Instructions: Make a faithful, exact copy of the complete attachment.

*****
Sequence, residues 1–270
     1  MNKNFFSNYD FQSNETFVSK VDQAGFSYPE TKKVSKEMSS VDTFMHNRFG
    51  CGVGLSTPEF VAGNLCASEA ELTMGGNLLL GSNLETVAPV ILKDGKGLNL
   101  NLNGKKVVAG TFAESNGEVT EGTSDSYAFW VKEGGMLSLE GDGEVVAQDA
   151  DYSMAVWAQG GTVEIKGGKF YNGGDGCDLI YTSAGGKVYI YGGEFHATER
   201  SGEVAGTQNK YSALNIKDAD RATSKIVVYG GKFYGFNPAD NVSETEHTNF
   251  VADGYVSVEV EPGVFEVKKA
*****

Sequence, residues 1–270
     1  MNKNFFSNYD FQSNETFVSK VDQAGFSYPE TKKVSKEMSS VDTFMHNRFG
    51  CGVGLSTPEF VAGNLCASEA ELTMGGNLLL GSNLETVAPV ILKDGKGLNL
   101  NLNGKKVVAG TFAESNGEVT EGTSDSYAFW VKEGGMLSLE GDGEVVAQDA
   151  DYSMAVWAQG GTVEIKGGKF YNGGDGCDLI YTSAGGKVYI YGGEFHATER
   201  SGEVAGTQNK YSALNIKDAD RATSKIVVYG GKFYGFNPAD NVSETEHTNF
   251  VADGYVSVEV EPGVFEVKKA